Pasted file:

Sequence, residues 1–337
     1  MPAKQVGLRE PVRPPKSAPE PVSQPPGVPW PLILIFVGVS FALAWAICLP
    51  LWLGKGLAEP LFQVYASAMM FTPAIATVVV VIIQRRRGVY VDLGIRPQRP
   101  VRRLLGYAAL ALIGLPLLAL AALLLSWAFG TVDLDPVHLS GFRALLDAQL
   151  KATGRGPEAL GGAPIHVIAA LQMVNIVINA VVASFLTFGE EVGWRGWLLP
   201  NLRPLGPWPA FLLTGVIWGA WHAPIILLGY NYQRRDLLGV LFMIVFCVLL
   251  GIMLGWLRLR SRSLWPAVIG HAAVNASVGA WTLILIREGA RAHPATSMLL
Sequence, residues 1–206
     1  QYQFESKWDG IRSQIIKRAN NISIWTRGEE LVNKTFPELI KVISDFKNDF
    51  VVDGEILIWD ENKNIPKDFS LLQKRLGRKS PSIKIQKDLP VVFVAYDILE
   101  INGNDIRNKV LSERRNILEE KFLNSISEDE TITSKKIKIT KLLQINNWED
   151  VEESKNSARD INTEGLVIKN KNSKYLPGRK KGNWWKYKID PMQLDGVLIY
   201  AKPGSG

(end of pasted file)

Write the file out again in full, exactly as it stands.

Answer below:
Sequence, residues 1–337
     1  MPAKQVGLRE PVRPPKSAPE PVSQPPGVPW PLILIFVGVS FALAWAICLP
    51  LWLGKGLAEP LFQVYASAMM FTPAIATVVV VIIQRRRGVY VDLGIRPQRP
   101  VRRLLGYAAL ALIGLPLLAL AALLLSWAFG TVDLDPVHLS GFRALLDAQL
   151  KATGRGPEAL GGAPIHVIAA LQMVNIVINA VVASFLTFGE EVGWRGWLLP
   201  NLRPLGPWPA FLLTGVIWGA WHAPIILLGY NYQRRDLLGV LFMIVFCVLL
   251  GIMLGWLRLR SRSLWPAVIG HAAVNASVGA WTLILIREGA RAHPATSMLL
Sequence, residues 1–206
     1  QYQFESKWDG IRSQIIKRAN NISIWTRGEE LVNKTFPELI KVISDFKNDF
    51  VVDGEILIWD ENKNIPKDFS LLQKRLGRKS PSIKIQKDLP VVFVAYDILE
   101  INGNDIRNKV LSERRNILEE KFLNSISEDE TITSKKIKIT KLLQINNWED
   151  VEESKNSARD INTEGLVIKN KNSKYLPGRK KGNWWKYKID PMQLDGVLIY
   201  AKPGSG